This isn’t something I’ve always done. As a family we didn’t attend the Dawn Service. We always bought our poppies and wore them, to school, to work, wherever, but the service wasn’t part of our tradition. I’m not quite sure why. Dad was 12 years old when his brother Jim went off to war in WWII. Dad didn’t talk about Jim much, but when he did, you knew he held him in very high regard. He had looked up to him as a big brother even before he became a soldier. Jim never came home. He was killed at the young age of 21, on 17 April 1945.
I started attending ANZAC services when I was living in Dublin. My cousin and I decided to go to the combined Aussie/NZ service in Dawson Street. That service was beautiful, never before had I felt the shivers at our national anthem like then. Afterwards we all adjourned to the Downunder bar with the war vets and had a great afternoon. Talking to the vets from WWII and Vietnam, I realised this day was important. Since then I’ve attended Dawn Services.
It’s a strange thing, something that started 98 years ago, after Gallipoli, means so much to New Zealanders. ANZAC day outranked Waitangi Day in a recent poll on the importance of the public holiday. Getting up so early, standing in the cold air, waiting for the sun to come up, remembering thousands of service men and women who have sacrificed so much for us to live in a country that, really, is very free and democratic; so that we have rights that we take for granted on a daily basis that many other countries do not, seems such a little thing to do in comparison to what those we are honouring did.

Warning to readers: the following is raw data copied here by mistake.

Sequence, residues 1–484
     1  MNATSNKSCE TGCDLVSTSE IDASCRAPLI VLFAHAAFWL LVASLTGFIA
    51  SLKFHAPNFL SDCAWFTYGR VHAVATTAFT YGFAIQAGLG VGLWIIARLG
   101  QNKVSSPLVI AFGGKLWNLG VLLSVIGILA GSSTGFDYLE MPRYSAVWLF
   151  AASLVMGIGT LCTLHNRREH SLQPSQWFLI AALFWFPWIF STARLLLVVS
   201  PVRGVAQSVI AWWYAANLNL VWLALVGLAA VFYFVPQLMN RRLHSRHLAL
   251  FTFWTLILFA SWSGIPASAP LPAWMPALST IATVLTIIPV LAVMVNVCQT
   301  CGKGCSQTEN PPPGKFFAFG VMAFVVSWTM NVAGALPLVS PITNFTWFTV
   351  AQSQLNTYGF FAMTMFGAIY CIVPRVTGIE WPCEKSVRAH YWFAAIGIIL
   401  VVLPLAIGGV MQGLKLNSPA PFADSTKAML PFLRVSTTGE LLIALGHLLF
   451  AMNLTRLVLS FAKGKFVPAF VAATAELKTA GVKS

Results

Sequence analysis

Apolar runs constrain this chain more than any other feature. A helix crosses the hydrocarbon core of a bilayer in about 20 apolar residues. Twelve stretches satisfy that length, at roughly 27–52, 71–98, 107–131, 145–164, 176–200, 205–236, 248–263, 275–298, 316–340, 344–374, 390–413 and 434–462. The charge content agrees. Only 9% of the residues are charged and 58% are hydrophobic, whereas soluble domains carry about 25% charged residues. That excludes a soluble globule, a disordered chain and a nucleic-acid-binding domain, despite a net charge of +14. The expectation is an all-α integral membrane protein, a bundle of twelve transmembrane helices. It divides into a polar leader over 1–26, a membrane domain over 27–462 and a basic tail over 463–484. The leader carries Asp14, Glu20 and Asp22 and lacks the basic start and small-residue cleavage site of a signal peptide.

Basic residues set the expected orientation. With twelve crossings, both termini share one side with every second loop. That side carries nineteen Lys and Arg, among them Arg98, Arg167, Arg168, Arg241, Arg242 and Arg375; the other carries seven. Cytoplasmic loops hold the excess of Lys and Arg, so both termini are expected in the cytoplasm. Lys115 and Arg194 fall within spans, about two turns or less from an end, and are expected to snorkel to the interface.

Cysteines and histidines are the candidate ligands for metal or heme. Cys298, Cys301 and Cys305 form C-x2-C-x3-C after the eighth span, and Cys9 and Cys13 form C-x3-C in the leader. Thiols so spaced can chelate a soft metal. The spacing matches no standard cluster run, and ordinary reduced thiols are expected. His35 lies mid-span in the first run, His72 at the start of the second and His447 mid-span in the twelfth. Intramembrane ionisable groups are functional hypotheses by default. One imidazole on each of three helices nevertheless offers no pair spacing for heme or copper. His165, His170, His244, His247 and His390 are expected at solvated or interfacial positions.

My great-uncles were killed in WWI, my uncle in WWII, another uncle served in Korea. My cousin has served in Afghanistan. They, along with others who have served with them, have put their lives on the line for what we all believe to be right – freedom.
Many people left their poppies at the Cenotaph. I had forgotten mine in the half-asleep effort to get to the service, it was on the kitchen bench. I have a spare poppy this year, as I bought one for today, and one for September when I go to Europe. I will be visiting the Faenza War Cemetery, Italy, and I will leave my spare poppy on Jim’s grave, and pay my respects to him and the others buried there.
As the service ended, the Army Band started playing some old tunes, Chattanooga Choo Choo, and other swinging songs. The servicemen in attendance will head off to the “Razza” for a drink and enjoy the music and camaraderie. It’s a reminder that life is for enjoying and living, as much as it is for remembering.
But we will remember them.